"If the judges interpret the laws themselves, and suffer none else to interpret, they may easily make, of the laws, [a shredded] shipman's hose!" - King James I of England, around 1616.

“No class of the community ought to be allowed freer scope in the expression or publication of opinions as to the capacity, impartiality or integrity of judges than members of the bar. They have the best opportunities of observing and forming a correct judgment. They are in constant attendance on the courts. Hundreds of those who are called on to vote never enter a court-house, or if they do, it is only at intervals as jurors, witnesses or parties. To say that an attorney can only act or speak on this subject under liability to be called to account and to be deprived of his profession and livelihood by the very judge or judges whom he may consider it his duty to attack and expose, is a position too monstrous to be entertained for a moment under our present system,” Justice Sharwood in Ex Parte Steinman and Hensel, 95 Pa 220, 238-39 (1880).

“This case illustrates to me the serious consequences to the Bar itself of not affording the full protections of the First Amendment to its applicants for admission. For this record shows that [the rejected attorney candidate] has many of the qualities that are needed in the American Bar. It shows not only that [the rejected attorney candidate] has followed a high moral, ethical and patriotic course in all of the activities of his life, but also that he combines these more common virtues with the uncommon virtue of courage to stand by his principles at any cost.

It is such men as these who have most greatly honored the profession of the law. The legal profession will lose much of its nobility and its glory if it is not constantly replenished with lawyers like these. To force the Bar to become a group of thoroughly orthodox, time-serving, government-fearing individuals is to humiliate and degrade it.” In Re Anastaplo, 18 Ill. 2d 182, 163 N.E.2d 429 (1959), cert. granted, 362 U.S. 968 (1960), affirmed over strong dissent, 366 U.S. 82 (1961), Justice Black, Chief Justice Douglas and Justice Brennan, dissenting.

" I do not believe that the practice of law is a "privilege" which empowers Government to deny lawyers their constitutional rights. The mere fact that a lawyer has important responsibilities in society does not require or even permit the State to deprive him of those protections of freedom set out in the Bill of Rights for the precise purpose of insuring the independence of the individual against the Government and those acting for the Government”. Lathrop v Donohue, 367 US 820 (1961), Justice Black, dissenting.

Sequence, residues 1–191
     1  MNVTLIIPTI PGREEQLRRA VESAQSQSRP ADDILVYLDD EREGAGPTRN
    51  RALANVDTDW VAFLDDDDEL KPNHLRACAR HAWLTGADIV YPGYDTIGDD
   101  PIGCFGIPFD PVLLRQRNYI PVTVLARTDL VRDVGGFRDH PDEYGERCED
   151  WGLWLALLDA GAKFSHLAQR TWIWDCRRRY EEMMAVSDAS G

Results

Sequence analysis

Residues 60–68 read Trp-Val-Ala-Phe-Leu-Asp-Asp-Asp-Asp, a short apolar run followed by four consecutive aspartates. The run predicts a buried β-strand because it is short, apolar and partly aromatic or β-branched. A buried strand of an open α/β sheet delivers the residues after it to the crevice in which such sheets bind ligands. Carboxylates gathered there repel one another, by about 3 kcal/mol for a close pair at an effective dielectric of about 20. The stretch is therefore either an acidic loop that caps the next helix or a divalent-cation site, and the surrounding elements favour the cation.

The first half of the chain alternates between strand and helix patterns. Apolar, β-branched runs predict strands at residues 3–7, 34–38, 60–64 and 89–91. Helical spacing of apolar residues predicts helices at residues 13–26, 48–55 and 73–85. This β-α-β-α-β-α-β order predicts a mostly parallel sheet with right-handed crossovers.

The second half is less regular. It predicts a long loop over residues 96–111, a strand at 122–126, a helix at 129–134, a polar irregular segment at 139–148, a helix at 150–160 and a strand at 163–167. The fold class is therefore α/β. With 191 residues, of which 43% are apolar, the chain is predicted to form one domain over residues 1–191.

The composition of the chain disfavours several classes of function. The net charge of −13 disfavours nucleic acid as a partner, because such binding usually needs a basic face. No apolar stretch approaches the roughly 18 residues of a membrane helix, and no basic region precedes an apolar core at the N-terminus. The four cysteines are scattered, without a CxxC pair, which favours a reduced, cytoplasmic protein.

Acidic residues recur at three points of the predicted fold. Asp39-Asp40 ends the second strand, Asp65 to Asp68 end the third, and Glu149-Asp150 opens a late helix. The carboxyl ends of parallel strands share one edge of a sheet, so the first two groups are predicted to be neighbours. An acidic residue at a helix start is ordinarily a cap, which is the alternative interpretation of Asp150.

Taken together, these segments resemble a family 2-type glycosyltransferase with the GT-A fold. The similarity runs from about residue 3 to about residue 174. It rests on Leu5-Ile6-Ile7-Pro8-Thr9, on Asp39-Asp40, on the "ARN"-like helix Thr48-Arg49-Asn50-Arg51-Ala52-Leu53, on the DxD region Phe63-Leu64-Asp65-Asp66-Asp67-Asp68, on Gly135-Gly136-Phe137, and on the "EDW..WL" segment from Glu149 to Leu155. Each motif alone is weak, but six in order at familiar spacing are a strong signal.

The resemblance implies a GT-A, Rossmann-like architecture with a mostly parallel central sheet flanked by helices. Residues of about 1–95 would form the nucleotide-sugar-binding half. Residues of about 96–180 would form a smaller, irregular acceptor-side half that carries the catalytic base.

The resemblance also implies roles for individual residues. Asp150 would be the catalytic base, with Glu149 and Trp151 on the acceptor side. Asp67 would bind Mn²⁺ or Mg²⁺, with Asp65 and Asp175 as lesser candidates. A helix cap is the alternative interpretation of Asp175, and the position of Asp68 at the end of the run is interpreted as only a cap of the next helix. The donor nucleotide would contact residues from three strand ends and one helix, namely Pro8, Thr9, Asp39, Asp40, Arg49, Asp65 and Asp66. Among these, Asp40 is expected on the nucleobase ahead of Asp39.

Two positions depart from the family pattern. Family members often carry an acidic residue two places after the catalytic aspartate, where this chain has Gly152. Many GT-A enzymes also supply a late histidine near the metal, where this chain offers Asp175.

"The legal profession must take great care not to emulate the many occupational groups that have managed to convert licensure from a sharp weapon of public defense into blunt instrument of self-enrichment". Walter Gellhorn, "The Abuse of Occupational Licensing", University of Chicago Law Review, Volume 44 Issue 1, September of 1976.

“Because the law requires that judges no matter how corrupt, who do not act in the clear absence of jurisdiction while performing a judicial act, are immune from suit, former Judge Ciavarella will escape liability for the vast majority of his conduct in this action. This is, to be sure, against the popular will, but it is the very oath which he is alleged to have so indecently, cavalierly, baselessly and willfully violated for personal gain that requires this Court to find him immune from suit”, District Judge A. Richard Caputo in H.T., et al, v. Ciavarella, Jr, et al, Case No. 3:09-cv-00286-ARC in the U.S. District Court for the Middle District of Pennsylvania, Document 336, page 18, November 20, 2009. This is about judges who were sentencing kids to juvenile detention for kickbacks.

Wednesday, October 8, 2014

The illusion that the U.S. Constitution is alive and working